Did anyone else get a little chuckle out of ? I found it quite hilarious that we are feeding our family for less than half the amount allotted on food stamps! (Food stamps allow you $117/week for a family of four, we get by quite nicely on $40 for a family of 4. We do go out to eat once or twice a week, but we’re still well under that $117 budget.)

did a great series this week on all things related to cloth diapering. If the subject is remotely interesting to you, you’ll definitely want to

Reader Tips: Harvesting and putting up food

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Carrie wrote:

I just thought I’d write and remind your readers to look into picking their own berries. I just paid $0.80/pound for 75 pounds of strawberries. At the store, they would have cost $1.80/pound for frozen berries, so I just saved $75!

You can pick the fresh berries, use what you are able to use in the first few weeks and then freeze the rest to use in fruit smoothies, fruit salads, muffins, and more!  I put up about 500 pounds of fruit each
summer! (We have a family of 9 so it’s not really that much!). When the fruit is expensive all winter, we still can enjoy
an abundance of it!

If you don’t know where to find a local place to pick berries, check out . (Thanks, !)

And, if you are interested in learning more about canning, freezing, drying, and root-cellaring fruits, vegetables and herbs, be sure to check out the new . Maybe someday I’ll actually learn how to can–it’s on my long list of things I want to learn how to do!

Do you harvest fruit and veggies and "put them up" in some way or shape for the Winter? If so, tell us what works for you. How would someone like me who knows nothing about canning get started doing this? I’d love to hear your ideas and advice!

Extreme Frugality: What would you give up?

Over at the wonderful blog, , Jeana is doing an incredible series of posts on Extreme Frugality this week. You must run, not walk, over there and read them , , and . Good stuff.

Jeana recently in order to simplify her life and I applaud her decision. While I doubt I would ever completely give up coupons, I’ve found that I’ve greatly simplified things in the past two years–especially since having two children. I’ve cut back considerably on the deals I’ll do, the time I spend planning and shopping, and I have learned that .

Many people often wonder why, if I’m such a minimalist, do I have a website which encourages people to buy stuff? It might seem like a contradiction on the surface, except you forgot one important point: by and large the deals I post here are for food and household products–stuff that 99% of most Americans buy at least a few times per year.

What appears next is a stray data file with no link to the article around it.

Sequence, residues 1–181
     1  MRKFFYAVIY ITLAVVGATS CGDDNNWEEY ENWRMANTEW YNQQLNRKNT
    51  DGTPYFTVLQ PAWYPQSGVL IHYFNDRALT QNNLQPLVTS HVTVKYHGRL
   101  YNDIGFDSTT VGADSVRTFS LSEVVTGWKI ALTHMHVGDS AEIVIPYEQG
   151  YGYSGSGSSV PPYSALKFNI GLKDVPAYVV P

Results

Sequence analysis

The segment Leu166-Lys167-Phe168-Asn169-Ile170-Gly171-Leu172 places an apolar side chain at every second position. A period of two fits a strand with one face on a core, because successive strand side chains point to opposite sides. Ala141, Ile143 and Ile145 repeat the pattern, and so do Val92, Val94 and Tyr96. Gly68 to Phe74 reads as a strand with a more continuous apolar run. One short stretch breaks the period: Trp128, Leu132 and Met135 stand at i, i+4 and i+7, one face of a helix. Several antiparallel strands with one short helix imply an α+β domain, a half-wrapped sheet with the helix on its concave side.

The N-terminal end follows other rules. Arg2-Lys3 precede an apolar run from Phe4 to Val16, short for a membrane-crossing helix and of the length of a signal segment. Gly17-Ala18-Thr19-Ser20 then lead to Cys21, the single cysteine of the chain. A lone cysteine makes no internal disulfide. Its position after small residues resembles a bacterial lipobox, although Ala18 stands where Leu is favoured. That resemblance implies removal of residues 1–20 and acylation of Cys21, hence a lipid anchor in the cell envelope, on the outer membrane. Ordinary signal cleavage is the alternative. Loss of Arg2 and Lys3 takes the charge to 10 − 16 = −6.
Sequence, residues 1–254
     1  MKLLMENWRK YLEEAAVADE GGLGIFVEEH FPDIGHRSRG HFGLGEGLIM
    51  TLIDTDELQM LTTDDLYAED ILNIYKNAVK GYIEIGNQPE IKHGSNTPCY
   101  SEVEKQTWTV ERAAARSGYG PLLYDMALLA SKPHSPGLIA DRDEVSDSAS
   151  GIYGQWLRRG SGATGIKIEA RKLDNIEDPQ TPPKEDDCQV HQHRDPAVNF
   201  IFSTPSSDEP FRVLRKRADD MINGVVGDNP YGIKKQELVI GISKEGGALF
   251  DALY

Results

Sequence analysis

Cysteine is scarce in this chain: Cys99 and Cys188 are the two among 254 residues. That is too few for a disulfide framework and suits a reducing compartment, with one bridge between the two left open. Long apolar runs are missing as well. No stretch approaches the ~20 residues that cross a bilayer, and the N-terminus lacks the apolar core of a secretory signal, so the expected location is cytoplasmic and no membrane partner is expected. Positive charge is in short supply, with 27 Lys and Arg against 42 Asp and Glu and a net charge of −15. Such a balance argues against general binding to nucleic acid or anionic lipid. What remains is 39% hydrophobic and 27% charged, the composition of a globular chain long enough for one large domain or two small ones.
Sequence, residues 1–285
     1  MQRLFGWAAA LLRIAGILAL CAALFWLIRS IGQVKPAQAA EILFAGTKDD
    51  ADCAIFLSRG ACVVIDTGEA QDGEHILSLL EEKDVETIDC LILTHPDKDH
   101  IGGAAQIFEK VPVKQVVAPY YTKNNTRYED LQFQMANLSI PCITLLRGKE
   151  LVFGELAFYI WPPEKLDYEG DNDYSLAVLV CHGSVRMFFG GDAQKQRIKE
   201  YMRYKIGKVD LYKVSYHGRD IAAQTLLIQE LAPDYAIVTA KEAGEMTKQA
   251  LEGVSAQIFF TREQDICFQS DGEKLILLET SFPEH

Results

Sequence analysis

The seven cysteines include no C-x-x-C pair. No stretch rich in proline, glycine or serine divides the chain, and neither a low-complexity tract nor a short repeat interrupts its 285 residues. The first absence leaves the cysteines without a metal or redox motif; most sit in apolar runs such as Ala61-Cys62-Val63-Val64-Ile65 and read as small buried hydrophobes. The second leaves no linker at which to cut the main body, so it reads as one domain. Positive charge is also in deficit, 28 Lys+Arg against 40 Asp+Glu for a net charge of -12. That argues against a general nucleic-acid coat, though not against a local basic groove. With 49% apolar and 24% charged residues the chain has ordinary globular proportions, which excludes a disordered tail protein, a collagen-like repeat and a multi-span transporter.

One of my goals in blogging here is to not only help everyday, average Americans find ways they can save money on items they would already be buying anyway, but I also aim to alter your mindset. (You mean you hadn’t figured that out? Maybe I shouldn’t have told you!)

You see, I would wager that the majority of Americans would never consider buying the bulk of their groceries on sale with a coupon or stocking up on a good deal to last them until the next good deal. Most people might buy a few items on sale, clip a few coupons, and save a few quarters each week, but the thought of buying almost everything on sale with a coupon is very foreign to a large percentage of the population. When people start grasping these sorts of concepts and applying them to shopping at the grocery store, it often not only saves them a few hundred dollars or more each month, it also often begins to completely change the way they think about life in general.

So while I’m glad to share deals and encourage you to save money at the grocery store, my hope is that what you glean here will not stop with the clipping of coupons. Instead, I hope the things shared here will cause you to consider making other much more substantial life changes: beginning to live below your means, getting on a budget, developing self-discipline, putting a financial plan in place, thinking long-term, and be willing to go against the flow to make sacrifices now to benefit you long-term.

Speaking of thinking and planning for the long-term, to kick off her series which I thought we would all do well to consider. She wrote:

Lately I’ve been thinking about how over the past few years we have
found new ways to save money as paycuts and higher costs have squeezed